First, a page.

It’s extremely important to get help from a vet immediately after you discover your dog has eaten chocolate, chocolate powder, or chocolate-flavored beverage. They can decontaminate by inducing vomiting and administering activated charcoal. They can also treat deadly symptoms to help your dog survive.
How Much Instant Hot Chocolate Mix Is Toxic to Dogs?
The toxic dose of methylxanthines in dogs starts at 20 mg/kg. At that level, we start to see mild signs of chocolate toxicity including vomiting, diarrhea, and hyperactivity. The following table lists the number of typical single-serving instant cocoa mix packets needed to cause different levels of chocolate toxicity in different sizes of dogs.
|Dog’s Weight in Pounds||# of Packets of Instant Cocoa Mix Expected to Cause MILD Symptoms||# of Packets of Instant Cocoa Mix Expected to Cause SEVERE Symptoms|
*THESE NUMBERS ARE ONLY A ROUGH GUIDE. Your dog could be more or less sick depending on the specific product he ingested. It’s always best to seek veterinary advice when your dog licks, drinks or eats any kind of chocolate. See the phone number and link at the top of the post for the animal poison control specialists.
What if My Dog Drank Swiss Miss Hot Chocolate?
I contacted ConAgra™, the maker of the popular Swiss Miss® Cocoa mix. ConAgra reported that Swiss Miss Cocoa contains 9-12% cocoa powder.
Standard Swiss Miss Milk Chocolate Cocoa comes in 1.38 oz./39.1 g packets. I calculated that each packet contains 3.5-4.7 grams of cocoa powder and 66-127 grams of total methylxanthines.
If your dog weighs less than 10 pounds and ate an entire packet of Swiss Miss Cocoa mix, you should expect to see signs of chocolate toxicity. Dogs weighing over 10 pounds may experience mild symptoms after eating the same amount of Swiss Miss Cocoa powder.
The larger the dog, the less likely they are to get sick after eating a single packet of this Swiss Miss cocoa mix. But you should still play it safe and call your vet!
What If My Dog Licked Homemade Hot Cocoa?
Most classic hot cocoa drink recipes call for 6-8 ounces of milk,1-2 tablespoons of sugar and about 1 tablespoon of cocoa powder per serving. A cup of homemade cocoa made this way contains approximately 140 mg of methylxanthines–the same amount in a packet of Swiss Miss mix.
This amount could be toxic to dogs 20 pounds or less, assuming they drank an entire serving. If extra chocolate is added to the recipe, you have to take that into account when calculating the toxicity level.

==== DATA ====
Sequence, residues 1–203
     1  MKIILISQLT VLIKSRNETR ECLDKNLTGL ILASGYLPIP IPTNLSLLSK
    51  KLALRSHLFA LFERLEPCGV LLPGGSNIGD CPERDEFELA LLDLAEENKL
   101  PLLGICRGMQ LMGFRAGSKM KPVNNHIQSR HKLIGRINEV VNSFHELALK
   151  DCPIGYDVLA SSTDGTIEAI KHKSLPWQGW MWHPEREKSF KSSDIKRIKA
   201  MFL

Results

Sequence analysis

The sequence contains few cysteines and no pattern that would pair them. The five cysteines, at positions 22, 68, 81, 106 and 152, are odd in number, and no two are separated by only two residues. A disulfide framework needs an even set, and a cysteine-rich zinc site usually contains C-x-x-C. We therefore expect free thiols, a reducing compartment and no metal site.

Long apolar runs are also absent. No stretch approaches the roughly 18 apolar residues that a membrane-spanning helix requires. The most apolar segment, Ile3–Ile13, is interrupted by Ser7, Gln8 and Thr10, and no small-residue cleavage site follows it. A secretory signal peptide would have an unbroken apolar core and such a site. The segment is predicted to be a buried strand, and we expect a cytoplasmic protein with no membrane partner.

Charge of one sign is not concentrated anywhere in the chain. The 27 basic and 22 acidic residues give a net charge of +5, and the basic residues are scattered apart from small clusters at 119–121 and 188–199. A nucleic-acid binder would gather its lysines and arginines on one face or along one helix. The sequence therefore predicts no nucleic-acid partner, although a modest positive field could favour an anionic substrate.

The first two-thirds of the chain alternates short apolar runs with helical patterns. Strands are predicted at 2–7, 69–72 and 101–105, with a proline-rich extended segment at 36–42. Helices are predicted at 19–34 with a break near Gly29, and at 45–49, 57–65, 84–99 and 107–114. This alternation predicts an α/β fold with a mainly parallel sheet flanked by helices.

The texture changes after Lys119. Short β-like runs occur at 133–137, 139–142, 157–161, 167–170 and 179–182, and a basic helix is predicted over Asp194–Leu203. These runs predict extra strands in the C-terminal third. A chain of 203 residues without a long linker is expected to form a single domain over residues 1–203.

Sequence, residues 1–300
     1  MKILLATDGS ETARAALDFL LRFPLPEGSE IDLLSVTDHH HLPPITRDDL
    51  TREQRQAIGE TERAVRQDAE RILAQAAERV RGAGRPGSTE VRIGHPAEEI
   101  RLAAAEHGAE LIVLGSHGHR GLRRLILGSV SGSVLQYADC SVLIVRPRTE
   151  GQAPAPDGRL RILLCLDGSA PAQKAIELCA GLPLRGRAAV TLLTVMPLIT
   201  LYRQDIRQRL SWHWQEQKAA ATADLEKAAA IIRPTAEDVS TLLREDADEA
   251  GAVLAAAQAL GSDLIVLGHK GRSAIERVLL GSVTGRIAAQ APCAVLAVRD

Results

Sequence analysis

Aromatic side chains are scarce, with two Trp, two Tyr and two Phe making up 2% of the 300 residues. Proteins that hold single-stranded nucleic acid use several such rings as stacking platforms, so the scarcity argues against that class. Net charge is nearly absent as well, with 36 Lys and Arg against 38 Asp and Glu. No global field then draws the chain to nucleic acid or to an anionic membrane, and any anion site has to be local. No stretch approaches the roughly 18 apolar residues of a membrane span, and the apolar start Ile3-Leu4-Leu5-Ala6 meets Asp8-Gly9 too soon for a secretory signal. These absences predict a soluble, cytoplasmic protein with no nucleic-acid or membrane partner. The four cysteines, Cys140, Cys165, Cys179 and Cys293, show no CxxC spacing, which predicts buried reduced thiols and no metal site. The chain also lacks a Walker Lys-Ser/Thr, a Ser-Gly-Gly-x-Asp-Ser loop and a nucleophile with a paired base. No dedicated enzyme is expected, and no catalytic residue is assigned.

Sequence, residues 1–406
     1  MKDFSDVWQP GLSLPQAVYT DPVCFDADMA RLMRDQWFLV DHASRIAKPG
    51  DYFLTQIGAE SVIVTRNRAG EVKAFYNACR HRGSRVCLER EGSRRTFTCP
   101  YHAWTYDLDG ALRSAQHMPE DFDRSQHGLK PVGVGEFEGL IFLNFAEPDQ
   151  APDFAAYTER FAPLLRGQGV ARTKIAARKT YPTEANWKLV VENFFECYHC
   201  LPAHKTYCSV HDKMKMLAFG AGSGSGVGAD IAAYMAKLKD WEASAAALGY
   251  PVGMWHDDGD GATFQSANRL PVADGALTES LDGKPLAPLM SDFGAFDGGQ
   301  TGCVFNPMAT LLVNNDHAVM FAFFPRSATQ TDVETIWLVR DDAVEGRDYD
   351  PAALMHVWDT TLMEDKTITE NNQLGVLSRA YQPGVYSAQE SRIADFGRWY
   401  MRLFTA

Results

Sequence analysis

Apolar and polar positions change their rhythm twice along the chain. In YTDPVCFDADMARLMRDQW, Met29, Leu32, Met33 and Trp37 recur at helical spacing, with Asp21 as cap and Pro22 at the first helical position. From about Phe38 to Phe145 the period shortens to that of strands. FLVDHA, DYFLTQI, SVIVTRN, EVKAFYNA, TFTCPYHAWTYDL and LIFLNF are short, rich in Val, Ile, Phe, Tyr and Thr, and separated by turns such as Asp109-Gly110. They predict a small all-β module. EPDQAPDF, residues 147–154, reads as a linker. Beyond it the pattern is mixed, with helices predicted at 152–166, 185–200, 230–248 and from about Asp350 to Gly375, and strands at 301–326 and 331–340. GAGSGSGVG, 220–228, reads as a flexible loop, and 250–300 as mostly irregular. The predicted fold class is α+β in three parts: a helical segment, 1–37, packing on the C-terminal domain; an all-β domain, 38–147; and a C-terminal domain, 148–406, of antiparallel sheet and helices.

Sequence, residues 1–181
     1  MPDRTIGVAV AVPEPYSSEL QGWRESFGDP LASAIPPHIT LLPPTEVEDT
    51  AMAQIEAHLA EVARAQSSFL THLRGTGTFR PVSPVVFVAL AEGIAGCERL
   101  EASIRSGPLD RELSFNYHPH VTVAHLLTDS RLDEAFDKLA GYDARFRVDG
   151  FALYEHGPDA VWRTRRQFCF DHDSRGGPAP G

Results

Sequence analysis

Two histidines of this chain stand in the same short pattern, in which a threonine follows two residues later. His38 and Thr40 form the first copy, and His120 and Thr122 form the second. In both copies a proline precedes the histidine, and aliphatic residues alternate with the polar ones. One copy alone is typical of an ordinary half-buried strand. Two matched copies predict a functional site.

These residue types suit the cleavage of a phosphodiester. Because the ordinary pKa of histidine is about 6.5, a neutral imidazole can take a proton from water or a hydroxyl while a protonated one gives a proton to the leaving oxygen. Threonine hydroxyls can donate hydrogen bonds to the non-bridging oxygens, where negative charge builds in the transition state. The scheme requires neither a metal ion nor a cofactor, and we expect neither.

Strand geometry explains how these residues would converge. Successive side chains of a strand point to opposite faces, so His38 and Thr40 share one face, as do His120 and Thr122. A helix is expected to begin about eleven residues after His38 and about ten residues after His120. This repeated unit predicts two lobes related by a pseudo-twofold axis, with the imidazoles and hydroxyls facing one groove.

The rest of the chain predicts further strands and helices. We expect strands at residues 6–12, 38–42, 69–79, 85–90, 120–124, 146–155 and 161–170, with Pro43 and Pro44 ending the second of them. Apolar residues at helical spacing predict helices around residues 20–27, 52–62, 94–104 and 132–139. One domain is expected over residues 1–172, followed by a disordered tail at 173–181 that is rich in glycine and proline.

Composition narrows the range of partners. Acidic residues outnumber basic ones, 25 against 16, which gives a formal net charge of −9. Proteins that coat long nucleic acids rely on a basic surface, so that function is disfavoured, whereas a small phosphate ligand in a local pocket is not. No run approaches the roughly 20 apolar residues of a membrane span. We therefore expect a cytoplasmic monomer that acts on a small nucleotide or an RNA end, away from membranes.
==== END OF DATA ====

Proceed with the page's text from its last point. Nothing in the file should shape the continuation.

Dogs over 20 pounds might have mild vomiting and diarrhea from ingesting unfamiliar food, but we would not expect them to show signs like seizures or hyperactivity.
The chocolate contained in hot cocoa drink mixes can definitely cause poisoning in dogs.
Smaller dogs are at a higher risk of getting sick. If a 20-pound dog drinks or eats an entire serving of instant hot chocolate mix, you can expect vomiting and diarrhea. If they eat more than one serving, the symptoms will be more severe and could be deadly.
Always err on the side of caution if your dog has eaten any type of chocolate. It’s easy to miscalculate toxic dosages. So if your pup took more than a lick or two of your hot cocoa, get your vet involved immediately.
You can get excellent personal advice on whether your dog needs to see an emergency vet from the professionals at Pet Poison Helpline. Their fee was $75 at the time of publication and they will share all case information with your veterinarian if you do end up visiting a clinic.
Pet Poison Helpline (855) 764-7661
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- Dolder LK, Peterson ME, Talcott PA: Methylxanthines: caffeine, theobromine, theophylline. Small Animal Toxicology, 3rd ed. St. Louis, MO: Elsevier/Saunders 201 pp. 647-652.
- Gwaltney-Brant, S. (2001, February 1). Chocolate Intoxication. ASPCAPro. Retrieved February 8, 2022, from https://aspcapro.org/sites/default/files/m-toxbrief_0201.pdf
- Gwaltney-Brant, S. M. (2022, January 24). Chocolate toxicosis in animals – toxicology. Merck Veterinary Manual. Retrieved February 8, 2022, from https://www.merckvetmanual.com/toxicology/food-hazards/chocolate-toxicosis-in-animals?autoredirectid=14433%3Fruleredirectid
- Li, Y., Feng, Y., Zhu, S., Luo, C., Ma, J., & Zhong, F. (2012). The effect of alkalization on the bioactive and flavor related components in commercial cocoa powder. Journal of Food Composition and Analysis, 25(1), 17-23.
- Shively, C. A., & Tarka Jr, S. M. (1984). Methylxanthine composition and consumption patterns of cocoa and chocolate products. Progress in clinical and biological research, 158, 149-178.
- Weingart, C., Hartmann, A., & Kohn, B. (2021). Chocolate ingestion in dogs: 156 events (2015–2019). Journal of Small Animal Practice, 62(11), 979-983.